Today is the first day that the US men and the US women’s soccer teams will earn the same wages for performance on the field. The US women’s team has won four World Cup gold medals and four Olympic medals. In 1930, the US men had their best result in World Cup play, finishing third.
While it’s perfectly appropriate to celebrate a moment when equity prevails, it is also fitting to pause and look at the enormous efforts that were put in place to prevent this from happening.
US Soccer made legal arguments that said men’s soccer was objectively better than the women’s version. The organization, a non-profit, also argued that because FIFA didn’t value the women’s game, that it couldn’t pay the women’s team more.
These bad-faith points were made despite the fact that the US women are the more successful product, regularly vying for a World Cup gold medal while the American men have struggled to make it to the tournament. These arguments were made when women’s games drew higher television ratings, when the athletes who play for the women’s team became household names. There are generations of them; Mia, Julie, Brandi, Briana, Kristine, Hope, Carli, Abby, Megan… the list goes on and on.
There is one group US Soccer showed it was willing to pay during this decades long disagreement: The lawyers.
US Soccer bungled so many opportunities for the women by focusing on the men’s team. A bizarrely low initial order for team jerseys caused the manufacturer to run out of the item earlier into the 2019 World Cup run. It was framed as a feel-good story about how popular the team was, rather than an economic story about leaving money on the table in the women’s sports space. Again.
In the end, men’s soccer had to agree to restructure their own deal to make this happen. And before we go all hero-dad-babysits-own-children on them, we should acknowledge how difficult it is for people who benefit from inequality to even recognize that. Whether it is due to race, gender, social class or any other reason, people are much more likely to think they earned what they got by pulling up some mythical bootstraps than to acknowledge the inequity baked into these systems.
But the women’s team and their fans made this one hard to ignore. There were the crowds at the World Cup games in France chanting for equal pay. There were the girls and boys lining Broadway to cheer for the 4th World Cup win and acknowledge that it brought glory, but not the actual wealth that a men’s win would bring. If the men’s team ever gets close to winning one.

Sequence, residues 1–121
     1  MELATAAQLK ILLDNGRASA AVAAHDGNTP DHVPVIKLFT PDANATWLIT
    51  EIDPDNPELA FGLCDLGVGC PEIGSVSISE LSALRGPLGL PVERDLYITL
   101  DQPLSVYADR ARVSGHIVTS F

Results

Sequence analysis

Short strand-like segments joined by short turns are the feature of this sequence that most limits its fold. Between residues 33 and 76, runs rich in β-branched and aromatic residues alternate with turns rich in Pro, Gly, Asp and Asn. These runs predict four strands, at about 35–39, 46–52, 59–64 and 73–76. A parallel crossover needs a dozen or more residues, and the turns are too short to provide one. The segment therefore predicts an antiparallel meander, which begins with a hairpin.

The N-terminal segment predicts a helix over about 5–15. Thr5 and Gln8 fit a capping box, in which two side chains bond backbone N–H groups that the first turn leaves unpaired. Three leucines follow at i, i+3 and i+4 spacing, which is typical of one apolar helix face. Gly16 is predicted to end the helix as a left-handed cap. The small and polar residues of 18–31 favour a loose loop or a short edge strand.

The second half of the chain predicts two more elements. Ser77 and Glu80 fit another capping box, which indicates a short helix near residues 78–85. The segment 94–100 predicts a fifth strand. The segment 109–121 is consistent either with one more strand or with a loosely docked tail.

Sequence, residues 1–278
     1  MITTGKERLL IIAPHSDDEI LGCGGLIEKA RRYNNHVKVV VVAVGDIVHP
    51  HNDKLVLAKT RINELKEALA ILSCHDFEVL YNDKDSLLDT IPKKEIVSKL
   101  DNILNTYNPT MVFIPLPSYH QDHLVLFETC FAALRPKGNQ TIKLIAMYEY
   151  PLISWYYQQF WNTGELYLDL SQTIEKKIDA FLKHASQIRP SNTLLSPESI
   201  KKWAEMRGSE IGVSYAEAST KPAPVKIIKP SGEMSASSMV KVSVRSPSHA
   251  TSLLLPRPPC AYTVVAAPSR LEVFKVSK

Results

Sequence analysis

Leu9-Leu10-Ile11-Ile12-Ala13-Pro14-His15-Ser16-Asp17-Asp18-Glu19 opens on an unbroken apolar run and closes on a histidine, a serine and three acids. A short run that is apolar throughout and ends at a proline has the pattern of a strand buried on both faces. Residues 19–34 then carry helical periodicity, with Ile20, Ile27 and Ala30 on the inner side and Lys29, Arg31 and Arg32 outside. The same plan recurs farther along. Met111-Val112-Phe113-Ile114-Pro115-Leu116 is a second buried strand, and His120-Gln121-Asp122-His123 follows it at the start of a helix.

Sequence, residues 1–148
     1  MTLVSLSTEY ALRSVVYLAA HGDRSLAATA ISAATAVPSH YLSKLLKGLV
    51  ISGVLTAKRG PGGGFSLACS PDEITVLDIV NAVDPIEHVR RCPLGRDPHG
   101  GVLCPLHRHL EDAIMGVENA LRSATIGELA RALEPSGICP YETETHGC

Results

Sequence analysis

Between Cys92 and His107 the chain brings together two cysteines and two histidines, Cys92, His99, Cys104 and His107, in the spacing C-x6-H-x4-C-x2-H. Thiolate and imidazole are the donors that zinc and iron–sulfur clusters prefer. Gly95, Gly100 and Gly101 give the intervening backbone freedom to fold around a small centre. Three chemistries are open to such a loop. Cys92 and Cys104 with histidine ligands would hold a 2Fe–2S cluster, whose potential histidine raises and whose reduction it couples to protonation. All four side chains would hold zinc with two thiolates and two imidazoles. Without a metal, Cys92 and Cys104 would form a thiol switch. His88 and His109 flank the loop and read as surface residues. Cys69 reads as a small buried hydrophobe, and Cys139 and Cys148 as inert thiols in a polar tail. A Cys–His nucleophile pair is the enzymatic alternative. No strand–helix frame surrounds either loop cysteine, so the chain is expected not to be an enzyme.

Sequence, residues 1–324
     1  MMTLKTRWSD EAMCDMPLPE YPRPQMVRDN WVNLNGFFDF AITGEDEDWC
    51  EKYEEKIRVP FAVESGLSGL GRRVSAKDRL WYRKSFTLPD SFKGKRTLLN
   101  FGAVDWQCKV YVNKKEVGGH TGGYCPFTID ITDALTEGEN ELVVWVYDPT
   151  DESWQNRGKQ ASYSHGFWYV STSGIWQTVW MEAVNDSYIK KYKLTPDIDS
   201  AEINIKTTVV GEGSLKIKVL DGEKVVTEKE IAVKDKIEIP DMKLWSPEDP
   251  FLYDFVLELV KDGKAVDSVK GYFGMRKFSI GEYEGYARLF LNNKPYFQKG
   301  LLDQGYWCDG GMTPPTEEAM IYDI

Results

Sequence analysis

So let’s take a day and celebrate that hard work pays off sometimes. It is possible to upend systems designed to keep a group from reaching the value that they have earned. But let’s also take some time to recognize that women in the sports space face an uphill battle across the board with broadcasters, sponsors, and traditional sports media outlets.
According to a USC/Purdue study, in 2019 ESPN’s SportsCenter devoted just 5.7 percent of its time to women’s sports news and highlights. And this number is inflated by the fact that 2019 was the Women’s World Cup year.
On Monday I attended a TedXBoston event around women’s sports and the 50th anniversary of Title IX this June. Just Women’s Sports CEO Haley Rosen cited this statistic in her talk, and my former colleague Kate Fagan discussed the sensation that pedestrianist Ada Anderson caused in 1878 when she walked 2,700 quarter miles in 2,700 quarter hours. They upped the tickets from 25 cents to 50 cents because the event was so popular.
Gertrude Ederle swam the English Channel in 1926 and got a ticker-tape parade up the Canyon of Heroes.
Women’s sports have always been compelling. It’s a choice not to cover them, or to pay them. And after World War II, a hardening of gender boundaries made it hard for women to even play sports until the passage of Title IX in 1972.
And there are plenty of people who preferred sports without women, and often those were the people negotiating the contracts and short-changing women on marketing deals. The attitude has been baked into contracts for decades. It’s a legacy that the women today have to deal with and, in rare cases, can overcome.
Like the women who play soccer. Here’s to their competitive spirit, on the field as represented by all those trophies and medals, and off of it, which will now be tangible in the paychecks they earn.